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Wot I Think: Dark

Bane of my unlife

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There’s a heatwave sweeping across this part of the world, which means I start to sizzle like bacon on a grill as soon as I pop my head out of the front door. I haven’t turned to dust yet or begun to sparkle but I fear that my skin will peel if I don’t shelter indoors and I’m becoming increasingly moody about the lack of rain and fog. This makes me the perfect person to step into the shoes of freshly turned vampire Eric Bane. I stepped into the Dark with him this weekend and have returned to tell you exactly wot I think.

Dark begins in darkness. We know this because protagonist Eric Bane’s tells us as much, staggering through a club and fearing that his drink has been spiked, when in reality somebody has spiked and drunk him. With their mouth-spikes. Fangs. A vampire has been necking with poor old Eric, and thanks to a combination of amnesia and being a complete cretin, he is, forgive me, in the dark.

Eric is the most entertaining part of the game – he’s a gruff Geralt-voiced slice of oblivious angst wrapped in pulsating purple shadows and a hoody. I liked him almost immediately and loved him a little bit shortly after he drank a glass of blood and mistook it for a Bloody Mary with a weird aftertaste, or perhaps it was when he had a flashback that he described as ‘realistic’. Eric’s memories have good graphics, evidently. If not then, it was certainly when he finally realised that he was a vampire. To demonstrate his abilities, a friendly bloodsucking bouncer pulls a gun on him and fires. Instincts kick in and Eric ‘shadow leaps’ across the room, a dark blur, dodging the bullet and sliding to a halt on his knees a few metres away.

“Cool moves, dude!” Says the bouncer, which is entirely appropriate to the tone of this potentially terrifying and momentous occasion.

Assassins Bleed

Eric doesn’t even stand up. “What?” He asks, looking over his shoulder as if he’s just been caught tying his shoelaces or trying to pick up a penny that some git has glued to the floor. He sounds fed-up, maybe because he knows what’s coming. Dark is a stealth game, and I’m going to spend the next three days in Eric’s company, dying because he’s clumsy, dying because his powers are shoddy, dying because he can’t jump or pick up a gun or accurately target anything ever.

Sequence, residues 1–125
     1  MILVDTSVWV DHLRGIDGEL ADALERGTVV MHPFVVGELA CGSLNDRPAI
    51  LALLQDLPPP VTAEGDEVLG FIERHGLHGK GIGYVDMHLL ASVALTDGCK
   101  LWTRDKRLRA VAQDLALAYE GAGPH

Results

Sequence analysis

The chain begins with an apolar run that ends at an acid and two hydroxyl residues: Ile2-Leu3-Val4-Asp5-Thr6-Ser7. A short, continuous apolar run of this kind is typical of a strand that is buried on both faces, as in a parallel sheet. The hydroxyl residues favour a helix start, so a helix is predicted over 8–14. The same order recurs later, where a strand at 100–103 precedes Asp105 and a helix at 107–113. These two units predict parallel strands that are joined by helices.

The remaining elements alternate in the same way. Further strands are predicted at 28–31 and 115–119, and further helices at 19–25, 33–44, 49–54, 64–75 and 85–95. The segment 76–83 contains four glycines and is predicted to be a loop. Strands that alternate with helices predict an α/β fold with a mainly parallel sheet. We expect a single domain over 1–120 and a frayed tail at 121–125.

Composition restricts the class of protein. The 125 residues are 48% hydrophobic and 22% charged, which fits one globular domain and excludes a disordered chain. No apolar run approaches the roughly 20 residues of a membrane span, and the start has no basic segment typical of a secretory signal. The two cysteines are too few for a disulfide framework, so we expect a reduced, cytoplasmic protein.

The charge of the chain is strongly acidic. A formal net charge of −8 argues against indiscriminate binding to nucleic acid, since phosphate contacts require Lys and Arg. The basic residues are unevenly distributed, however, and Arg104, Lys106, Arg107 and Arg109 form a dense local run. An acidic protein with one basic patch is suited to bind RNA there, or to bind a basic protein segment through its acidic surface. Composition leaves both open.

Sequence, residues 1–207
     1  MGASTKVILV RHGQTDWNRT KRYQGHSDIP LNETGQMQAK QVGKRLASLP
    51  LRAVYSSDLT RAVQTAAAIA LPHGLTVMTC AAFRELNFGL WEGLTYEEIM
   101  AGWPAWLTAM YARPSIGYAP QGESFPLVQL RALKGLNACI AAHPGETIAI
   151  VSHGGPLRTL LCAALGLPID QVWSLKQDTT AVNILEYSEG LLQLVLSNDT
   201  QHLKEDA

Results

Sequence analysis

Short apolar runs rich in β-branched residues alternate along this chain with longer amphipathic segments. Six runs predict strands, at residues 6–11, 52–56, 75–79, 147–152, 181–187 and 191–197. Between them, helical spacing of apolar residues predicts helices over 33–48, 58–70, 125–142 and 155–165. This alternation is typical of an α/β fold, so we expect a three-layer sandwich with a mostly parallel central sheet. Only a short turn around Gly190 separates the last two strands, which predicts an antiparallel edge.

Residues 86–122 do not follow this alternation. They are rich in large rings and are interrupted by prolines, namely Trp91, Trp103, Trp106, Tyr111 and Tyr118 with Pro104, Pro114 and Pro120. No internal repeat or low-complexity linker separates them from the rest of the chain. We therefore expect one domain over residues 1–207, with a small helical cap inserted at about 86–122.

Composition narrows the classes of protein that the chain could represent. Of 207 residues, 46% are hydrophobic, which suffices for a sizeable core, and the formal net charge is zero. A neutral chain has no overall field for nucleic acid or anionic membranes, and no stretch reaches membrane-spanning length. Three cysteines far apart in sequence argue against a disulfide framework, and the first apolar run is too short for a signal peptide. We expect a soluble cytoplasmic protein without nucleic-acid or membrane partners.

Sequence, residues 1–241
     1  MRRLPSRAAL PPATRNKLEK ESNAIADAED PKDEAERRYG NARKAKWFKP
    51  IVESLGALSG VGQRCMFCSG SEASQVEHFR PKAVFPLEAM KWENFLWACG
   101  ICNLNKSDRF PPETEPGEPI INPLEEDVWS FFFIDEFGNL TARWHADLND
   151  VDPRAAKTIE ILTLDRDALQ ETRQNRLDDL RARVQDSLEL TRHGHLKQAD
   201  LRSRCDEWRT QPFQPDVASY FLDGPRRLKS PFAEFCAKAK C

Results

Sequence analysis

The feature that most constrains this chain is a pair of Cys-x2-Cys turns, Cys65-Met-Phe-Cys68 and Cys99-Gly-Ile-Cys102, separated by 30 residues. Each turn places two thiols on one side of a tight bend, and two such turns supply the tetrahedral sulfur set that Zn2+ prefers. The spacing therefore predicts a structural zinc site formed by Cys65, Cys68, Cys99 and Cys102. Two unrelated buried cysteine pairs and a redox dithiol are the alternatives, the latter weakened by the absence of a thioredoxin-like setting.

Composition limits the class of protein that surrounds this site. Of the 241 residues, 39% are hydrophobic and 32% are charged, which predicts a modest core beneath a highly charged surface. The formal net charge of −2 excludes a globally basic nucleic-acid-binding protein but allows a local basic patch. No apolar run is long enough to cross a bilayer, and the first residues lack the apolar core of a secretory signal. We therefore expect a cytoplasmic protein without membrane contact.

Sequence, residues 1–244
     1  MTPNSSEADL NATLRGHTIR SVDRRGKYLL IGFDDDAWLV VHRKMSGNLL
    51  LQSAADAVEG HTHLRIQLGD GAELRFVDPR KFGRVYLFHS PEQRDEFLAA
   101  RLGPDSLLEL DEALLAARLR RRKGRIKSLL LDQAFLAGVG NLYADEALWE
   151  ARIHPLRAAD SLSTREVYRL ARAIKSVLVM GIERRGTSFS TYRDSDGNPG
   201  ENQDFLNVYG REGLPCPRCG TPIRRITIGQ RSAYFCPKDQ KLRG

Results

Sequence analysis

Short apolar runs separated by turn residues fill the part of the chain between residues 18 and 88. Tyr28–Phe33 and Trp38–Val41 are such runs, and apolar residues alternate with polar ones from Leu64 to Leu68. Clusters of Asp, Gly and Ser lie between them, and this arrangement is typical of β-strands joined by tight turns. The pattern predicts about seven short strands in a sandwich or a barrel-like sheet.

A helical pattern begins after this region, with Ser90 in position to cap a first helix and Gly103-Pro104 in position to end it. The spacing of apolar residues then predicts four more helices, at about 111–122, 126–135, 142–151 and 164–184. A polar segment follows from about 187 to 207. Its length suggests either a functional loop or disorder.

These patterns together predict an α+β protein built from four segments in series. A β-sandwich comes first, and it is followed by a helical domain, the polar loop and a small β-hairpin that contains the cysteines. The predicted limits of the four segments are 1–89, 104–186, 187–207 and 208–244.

Seconds after the misting in action episode, our hero has accepted the existence of vampires, his own conversion and is about to set out on the task that is the focus of the game’s six story missions. The plot and its alterations to traditional vampire mythology are delivered rapidly and without fuss. Those who are bitten must feed on their sires or they swiftly become mindless ghouls. Since Eric doesn’t know his sire, having been abandoned shortly after being bitten, he must take an alternative route to salvation – hunting down the city’s most powerful vampires and feeding on their blood in order to retain at least a smidgeon of his own humanity.

This involves entering areas of the city that are notionally inventive – a museum, a skyscraper with artificial biomes – and squatting behind cover while armed guards follow prescribed paths. Considering how often the word ‘dark’ comes up in conversation, second only to ‘pain’, it’s something of a surprise that shadows and light don’t actually affect the sneaking and stalking. Hold down the right mouse button and Eric snaps to nearby cover, making him invisible to anyone on the other side of it.

the ability that enhances vision makes it really hard to see